It is also claimed that most of the horses that are taken for slaughter are not always the unwanted horses but those bought by individuals referred to as kill buyers. These are people who act as agents of the foreign-owned horse slaughter houses, who, instead of purchasing old and diseased horses from the people decide to buy those that are in good health. It has been reported that about 92% of all horses slaughtered in America are normally in good health. It is therefore a malicious way of encouraging the practice to continue unabated by claiming that they help to reduce the unwanted horse population.
At times, the horses presented to slaughter houses for slaughter are those sold to kill buyers in livestock auctions by unsuspecting owners. These are then hauled to foreign countries for slaughter. This operation thus encourages horse theft as well as consumer fraud since kill buyers acquire these horses without truthful disclosure. Certain horses thus end up in the slaughter pipeline after an illegal sale at the livestock auction, and since they are sent directly to slaughter all evidence are lost in prosecuting the thieves. The horse slaughter practice is therefore unfavorable as it encourages fraudulent activities and horse theft.
Those in support of horse slaughter argue that the United States has more than enough horses, even more than what is required by the market. Severe floods and at times droughts that have made the cost of hay to rise, absence of land for horse breeding, the closure of stables in most remote areas and the underperforming economy has been the reason for the drop in the market for horses. A case in point is 2009 when the country was faced by recession. The hay prices more than doubled causing a hardship to a number of horse owners, and because of the closure of slaughter houses in 2007 there was widespread neglect of horses. These coupled with over breeding are what led to increase in the number of horses. The horses that get old and become aged end up suffering as no one wishes to buy them and the cost of taking care of them also becomes much to bear for the owner. Had there been a way to have these horses slaughtered there would be a payoff from the revenue acquired through the exportation of horse meat.
Even as animal rights activists continue to oppose horse slaughter, a number of veterinarians, horse owners and breeders view the practice to be a necessary evil. Despite the closure of the slaughter houses in the United States in 2007, the practice of horse slaughtering continued to take place. Not unless the large market for horse meat in the foreign countries that demanded horse meat reduced, horses would continue to be slaughtered to meet this demand. Horse meat, together with horse by-products are in very high demand in various parts of the world. Horse by-products are used as animal feeds, in the manufacture of fertilizers and tires among other things. Approximately 100,000 American horses were sold and shipped to foreign countries for slaughter every year. These horses are subjected to crude conditions when on transit. In addition, in these countries horse slaughter is not subject to regulation and inspection and neither are the slaughter facilities under the maintenance of organizations that support humane slaughtering of animals. It therefore does not fulfill the intended purpose to stop the practice in the United States as this would contribute to the problem instead of offering a solution.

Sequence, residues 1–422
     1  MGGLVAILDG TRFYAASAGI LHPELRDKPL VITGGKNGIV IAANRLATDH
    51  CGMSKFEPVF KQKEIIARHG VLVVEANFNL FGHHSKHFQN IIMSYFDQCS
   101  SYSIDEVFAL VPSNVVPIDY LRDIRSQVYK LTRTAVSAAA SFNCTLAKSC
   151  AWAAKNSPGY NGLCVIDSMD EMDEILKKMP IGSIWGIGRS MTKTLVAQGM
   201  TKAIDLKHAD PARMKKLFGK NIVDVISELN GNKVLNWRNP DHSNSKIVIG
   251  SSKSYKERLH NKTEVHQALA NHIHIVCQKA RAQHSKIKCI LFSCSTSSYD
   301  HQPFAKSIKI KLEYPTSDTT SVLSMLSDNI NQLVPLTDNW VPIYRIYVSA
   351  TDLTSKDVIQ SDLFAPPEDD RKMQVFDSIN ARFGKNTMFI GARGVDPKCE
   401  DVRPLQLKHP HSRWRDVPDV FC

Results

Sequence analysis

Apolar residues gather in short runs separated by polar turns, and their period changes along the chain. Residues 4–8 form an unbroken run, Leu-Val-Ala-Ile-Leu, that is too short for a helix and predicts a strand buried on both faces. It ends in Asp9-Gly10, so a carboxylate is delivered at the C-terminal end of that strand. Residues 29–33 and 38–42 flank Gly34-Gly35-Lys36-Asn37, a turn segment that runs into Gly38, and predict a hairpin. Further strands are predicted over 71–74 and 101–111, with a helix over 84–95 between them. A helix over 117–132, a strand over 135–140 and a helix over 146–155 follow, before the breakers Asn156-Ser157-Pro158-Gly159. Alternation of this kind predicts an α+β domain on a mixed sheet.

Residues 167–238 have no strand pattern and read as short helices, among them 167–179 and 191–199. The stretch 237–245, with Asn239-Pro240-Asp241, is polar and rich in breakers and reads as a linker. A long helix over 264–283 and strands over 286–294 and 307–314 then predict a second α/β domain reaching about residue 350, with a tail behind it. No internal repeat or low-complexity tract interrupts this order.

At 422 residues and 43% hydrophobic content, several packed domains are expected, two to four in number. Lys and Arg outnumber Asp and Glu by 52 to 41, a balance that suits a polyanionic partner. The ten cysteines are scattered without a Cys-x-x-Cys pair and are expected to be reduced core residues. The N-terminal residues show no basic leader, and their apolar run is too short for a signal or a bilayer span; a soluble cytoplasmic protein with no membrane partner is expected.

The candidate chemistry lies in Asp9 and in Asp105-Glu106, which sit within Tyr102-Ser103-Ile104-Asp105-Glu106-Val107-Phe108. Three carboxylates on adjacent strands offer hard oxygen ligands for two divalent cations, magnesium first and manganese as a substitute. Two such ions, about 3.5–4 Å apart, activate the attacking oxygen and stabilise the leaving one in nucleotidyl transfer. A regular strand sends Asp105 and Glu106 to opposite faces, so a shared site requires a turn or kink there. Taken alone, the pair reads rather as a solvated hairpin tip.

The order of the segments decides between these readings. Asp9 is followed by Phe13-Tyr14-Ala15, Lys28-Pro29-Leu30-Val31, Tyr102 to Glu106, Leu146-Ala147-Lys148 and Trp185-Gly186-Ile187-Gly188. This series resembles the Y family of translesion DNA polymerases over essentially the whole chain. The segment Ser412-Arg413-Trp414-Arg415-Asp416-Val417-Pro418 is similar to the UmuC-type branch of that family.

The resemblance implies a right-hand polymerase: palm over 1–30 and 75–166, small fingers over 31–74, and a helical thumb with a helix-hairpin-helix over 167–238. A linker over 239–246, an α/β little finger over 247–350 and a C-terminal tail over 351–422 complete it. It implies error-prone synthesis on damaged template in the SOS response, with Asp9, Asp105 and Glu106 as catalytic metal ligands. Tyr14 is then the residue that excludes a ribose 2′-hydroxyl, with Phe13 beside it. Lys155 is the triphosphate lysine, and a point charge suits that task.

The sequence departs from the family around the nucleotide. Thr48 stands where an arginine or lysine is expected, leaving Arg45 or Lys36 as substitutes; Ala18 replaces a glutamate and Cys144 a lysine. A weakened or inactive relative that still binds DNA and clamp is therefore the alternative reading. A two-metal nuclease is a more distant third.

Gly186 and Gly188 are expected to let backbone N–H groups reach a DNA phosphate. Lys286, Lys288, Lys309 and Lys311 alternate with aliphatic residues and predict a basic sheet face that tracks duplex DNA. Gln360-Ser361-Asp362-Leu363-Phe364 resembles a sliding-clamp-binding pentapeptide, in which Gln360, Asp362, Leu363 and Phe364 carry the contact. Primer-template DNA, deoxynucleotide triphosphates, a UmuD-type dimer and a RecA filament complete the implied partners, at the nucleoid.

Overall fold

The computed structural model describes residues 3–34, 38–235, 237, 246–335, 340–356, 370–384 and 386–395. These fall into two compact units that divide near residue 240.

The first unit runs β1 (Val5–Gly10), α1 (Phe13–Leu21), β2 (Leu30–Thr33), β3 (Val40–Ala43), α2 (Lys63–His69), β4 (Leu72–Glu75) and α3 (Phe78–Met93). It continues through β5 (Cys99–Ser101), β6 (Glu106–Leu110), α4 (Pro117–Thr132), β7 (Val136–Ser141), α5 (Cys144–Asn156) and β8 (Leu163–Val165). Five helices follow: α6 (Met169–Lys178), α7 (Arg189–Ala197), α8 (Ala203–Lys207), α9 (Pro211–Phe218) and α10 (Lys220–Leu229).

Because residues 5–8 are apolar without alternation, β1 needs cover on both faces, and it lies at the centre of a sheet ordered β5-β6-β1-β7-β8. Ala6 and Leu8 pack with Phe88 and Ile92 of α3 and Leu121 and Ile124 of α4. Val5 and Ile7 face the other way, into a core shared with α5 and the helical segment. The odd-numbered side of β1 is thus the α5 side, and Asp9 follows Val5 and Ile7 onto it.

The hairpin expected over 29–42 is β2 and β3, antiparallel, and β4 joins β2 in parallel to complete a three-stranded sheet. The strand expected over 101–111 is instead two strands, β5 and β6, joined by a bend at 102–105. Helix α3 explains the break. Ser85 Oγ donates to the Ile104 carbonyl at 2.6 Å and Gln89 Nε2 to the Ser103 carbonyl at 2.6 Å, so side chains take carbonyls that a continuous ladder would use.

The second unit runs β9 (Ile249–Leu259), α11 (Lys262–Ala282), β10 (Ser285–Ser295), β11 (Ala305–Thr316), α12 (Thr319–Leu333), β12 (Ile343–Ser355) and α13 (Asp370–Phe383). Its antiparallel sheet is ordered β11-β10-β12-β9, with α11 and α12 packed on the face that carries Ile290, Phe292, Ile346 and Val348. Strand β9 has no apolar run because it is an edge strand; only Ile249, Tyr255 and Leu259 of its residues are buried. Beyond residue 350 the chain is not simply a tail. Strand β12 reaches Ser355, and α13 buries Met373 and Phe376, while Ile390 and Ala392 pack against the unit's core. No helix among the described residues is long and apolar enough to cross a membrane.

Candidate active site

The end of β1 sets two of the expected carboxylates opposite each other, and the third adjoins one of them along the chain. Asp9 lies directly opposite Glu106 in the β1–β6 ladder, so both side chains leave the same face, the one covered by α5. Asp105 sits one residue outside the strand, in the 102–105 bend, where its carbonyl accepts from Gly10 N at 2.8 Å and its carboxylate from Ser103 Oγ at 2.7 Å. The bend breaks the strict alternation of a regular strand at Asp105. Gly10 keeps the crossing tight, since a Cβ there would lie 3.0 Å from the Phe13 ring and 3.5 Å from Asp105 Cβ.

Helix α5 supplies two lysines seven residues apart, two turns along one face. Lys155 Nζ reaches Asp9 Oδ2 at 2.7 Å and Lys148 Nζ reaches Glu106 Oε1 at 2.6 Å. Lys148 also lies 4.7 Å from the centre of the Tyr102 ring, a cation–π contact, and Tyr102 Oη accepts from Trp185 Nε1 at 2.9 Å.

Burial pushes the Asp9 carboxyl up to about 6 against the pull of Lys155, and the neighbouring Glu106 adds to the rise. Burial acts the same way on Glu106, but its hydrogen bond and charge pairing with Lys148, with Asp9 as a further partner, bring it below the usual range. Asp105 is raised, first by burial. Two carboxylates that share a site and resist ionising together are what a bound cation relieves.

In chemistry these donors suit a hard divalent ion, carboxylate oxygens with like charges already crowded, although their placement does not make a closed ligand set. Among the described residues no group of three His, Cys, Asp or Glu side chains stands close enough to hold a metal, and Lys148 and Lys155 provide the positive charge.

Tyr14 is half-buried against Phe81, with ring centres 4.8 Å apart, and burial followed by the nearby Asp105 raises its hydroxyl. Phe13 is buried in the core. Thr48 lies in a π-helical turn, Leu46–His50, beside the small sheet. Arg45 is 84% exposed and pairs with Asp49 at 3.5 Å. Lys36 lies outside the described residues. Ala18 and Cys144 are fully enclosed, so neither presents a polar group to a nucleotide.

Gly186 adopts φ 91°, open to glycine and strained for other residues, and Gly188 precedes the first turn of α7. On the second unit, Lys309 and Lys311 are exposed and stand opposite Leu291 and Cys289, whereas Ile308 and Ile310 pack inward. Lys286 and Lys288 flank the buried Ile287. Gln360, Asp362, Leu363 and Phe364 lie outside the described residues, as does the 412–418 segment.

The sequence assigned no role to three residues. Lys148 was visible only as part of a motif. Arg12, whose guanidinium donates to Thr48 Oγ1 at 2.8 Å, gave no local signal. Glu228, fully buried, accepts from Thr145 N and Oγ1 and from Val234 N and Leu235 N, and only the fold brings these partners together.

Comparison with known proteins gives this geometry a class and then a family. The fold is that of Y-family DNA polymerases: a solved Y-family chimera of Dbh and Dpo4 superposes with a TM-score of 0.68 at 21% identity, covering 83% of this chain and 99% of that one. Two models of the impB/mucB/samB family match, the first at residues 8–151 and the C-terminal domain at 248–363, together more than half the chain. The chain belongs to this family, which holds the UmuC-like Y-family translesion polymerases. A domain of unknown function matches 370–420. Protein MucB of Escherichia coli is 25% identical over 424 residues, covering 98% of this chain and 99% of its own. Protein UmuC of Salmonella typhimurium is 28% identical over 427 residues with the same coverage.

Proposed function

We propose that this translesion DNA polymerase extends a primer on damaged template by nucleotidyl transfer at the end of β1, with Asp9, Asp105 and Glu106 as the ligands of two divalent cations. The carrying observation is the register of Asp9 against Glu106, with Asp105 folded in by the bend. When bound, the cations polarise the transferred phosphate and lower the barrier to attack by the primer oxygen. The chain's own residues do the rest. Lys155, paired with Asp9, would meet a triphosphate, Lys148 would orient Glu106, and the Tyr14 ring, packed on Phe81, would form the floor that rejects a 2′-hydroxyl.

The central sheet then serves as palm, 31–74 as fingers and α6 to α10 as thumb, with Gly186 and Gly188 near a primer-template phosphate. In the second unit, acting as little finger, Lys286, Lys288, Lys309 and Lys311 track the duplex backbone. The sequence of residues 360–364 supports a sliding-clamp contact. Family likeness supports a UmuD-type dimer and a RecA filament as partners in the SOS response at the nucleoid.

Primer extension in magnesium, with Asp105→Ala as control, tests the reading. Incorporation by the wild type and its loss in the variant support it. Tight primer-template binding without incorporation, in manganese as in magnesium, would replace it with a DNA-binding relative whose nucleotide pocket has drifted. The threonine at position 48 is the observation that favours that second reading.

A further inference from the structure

Banning the practice of horse slaughter would imply that poor horse owners who have insufficient finances would resort to neglecting the animals. The animals would most often be let loose, starved and left homeless. There are inadequate animal rescue facilities in America to accommodate all the neglected horses. It is also unlikely that these owners would resort to euthanasia as the financial aspect makes it unfeasible. Because of the lack of a slaughter option after shutting down of the horse slaughter houses in the United States in 2007 meant that horses endured lots of suffering as there were mass abandonments during this period. The soundest solution to this kind of problem is horse slaughter. By deciding to have horse slaughter carried out within the confines of the United States, it will be possible to regulate these slaughter practices by the government through slaughter houses and as well ensure the animal’s welfare is taken care of.